That was the topic of a panel on which I participated recently at the PR division meeting of the Association for Education in Journalism and Mass Communications (AEJMC). Rich Jernstedt, CMO, EVP and senior partner at Fleishman-Hillard; Jack Koten, retired SVP of corporate communications at Ameritech (once again part of AT&T) and I shared points of view garnered from our more than 100 combined years in PR.
Jack underscored the importance of establishing solid contacts and building networks of people who can help you get things done. He also recommended getting involved in outside activities, both in college and in your first job. All three of us agreed on this point, and it was interesting to hear how we each had been deeply involved in extra-curricular activities in college and that commitment carried over into our work lives.
Rich divided his comments into two categories–how to use time in college to prepare for your first job and observations from interns about the adjustment to the “real world.” In college, Rich said it is important for students to Be curious/ask questions; Engage in extra-curricular activities to develop teamwork and leadership skills; Interact with faculty members to learn as much as you can; Understand the basics/learn to write; Become good at research; and Develop verbal skills/ability to sell. Rich surveyed his agency’s interns to determine what they found most surprising/interesting in their first jobs: Global nature of PR; Intense service orientation of PR agency teams; Sense of time/urgency; Importance of being able to sell in ideas; Need for practical skill; and how digital solves problems; Lack of knowledge about how to put together media lists or pitch media.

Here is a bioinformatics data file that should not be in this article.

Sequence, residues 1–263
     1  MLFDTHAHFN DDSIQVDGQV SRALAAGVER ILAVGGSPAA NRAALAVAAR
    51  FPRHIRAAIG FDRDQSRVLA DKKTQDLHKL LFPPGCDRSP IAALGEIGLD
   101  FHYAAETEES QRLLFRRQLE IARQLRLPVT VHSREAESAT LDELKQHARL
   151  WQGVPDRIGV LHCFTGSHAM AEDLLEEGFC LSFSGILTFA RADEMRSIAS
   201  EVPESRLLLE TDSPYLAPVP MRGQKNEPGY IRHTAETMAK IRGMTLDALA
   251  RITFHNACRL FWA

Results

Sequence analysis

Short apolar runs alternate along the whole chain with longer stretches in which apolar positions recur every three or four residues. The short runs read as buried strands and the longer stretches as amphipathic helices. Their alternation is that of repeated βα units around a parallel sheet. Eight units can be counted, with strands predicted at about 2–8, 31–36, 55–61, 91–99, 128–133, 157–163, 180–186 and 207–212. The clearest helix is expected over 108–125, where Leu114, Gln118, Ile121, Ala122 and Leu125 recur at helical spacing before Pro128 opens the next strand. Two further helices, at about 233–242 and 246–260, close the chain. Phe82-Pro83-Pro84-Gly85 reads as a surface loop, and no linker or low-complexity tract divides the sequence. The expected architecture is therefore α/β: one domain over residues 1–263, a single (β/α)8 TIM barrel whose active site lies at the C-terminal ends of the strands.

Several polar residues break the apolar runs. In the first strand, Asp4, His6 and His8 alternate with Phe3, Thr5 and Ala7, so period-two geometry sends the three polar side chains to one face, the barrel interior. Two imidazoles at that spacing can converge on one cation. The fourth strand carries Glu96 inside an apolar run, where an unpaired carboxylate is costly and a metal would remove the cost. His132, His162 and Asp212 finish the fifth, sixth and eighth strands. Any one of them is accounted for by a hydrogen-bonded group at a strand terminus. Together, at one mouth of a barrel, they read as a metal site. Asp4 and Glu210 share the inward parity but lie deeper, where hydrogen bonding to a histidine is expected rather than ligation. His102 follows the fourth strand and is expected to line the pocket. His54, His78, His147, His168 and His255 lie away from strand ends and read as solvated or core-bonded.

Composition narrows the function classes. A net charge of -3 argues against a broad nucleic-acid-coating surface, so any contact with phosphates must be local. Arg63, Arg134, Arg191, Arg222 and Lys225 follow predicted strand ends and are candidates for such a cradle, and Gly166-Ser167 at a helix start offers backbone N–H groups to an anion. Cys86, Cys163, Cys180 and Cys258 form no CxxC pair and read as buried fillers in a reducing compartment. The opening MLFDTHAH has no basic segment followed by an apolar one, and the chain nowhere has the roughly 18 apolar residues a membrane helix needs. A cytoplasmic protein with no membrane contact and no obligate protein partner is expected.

My top five recommendations:
- Think Globally
- Take electives that support potential areas of skill weakness (see earlier post)
- Get plenty of hands-on experience and start internships as early as possible. Don’t wait for your senior year or graduation.
- Build networks. Not just Facebook friends, but adults, faculty and friends who want to help you succeed.
- Become a very good writer. Nearly 30% of those taking our office’s writing test scored a C or below. Few bad writers rise to the top in PR.
The panel session was videotaped and will be available later this Fall on the Plank Center’s Web site: www.plankcenter.ua.edu.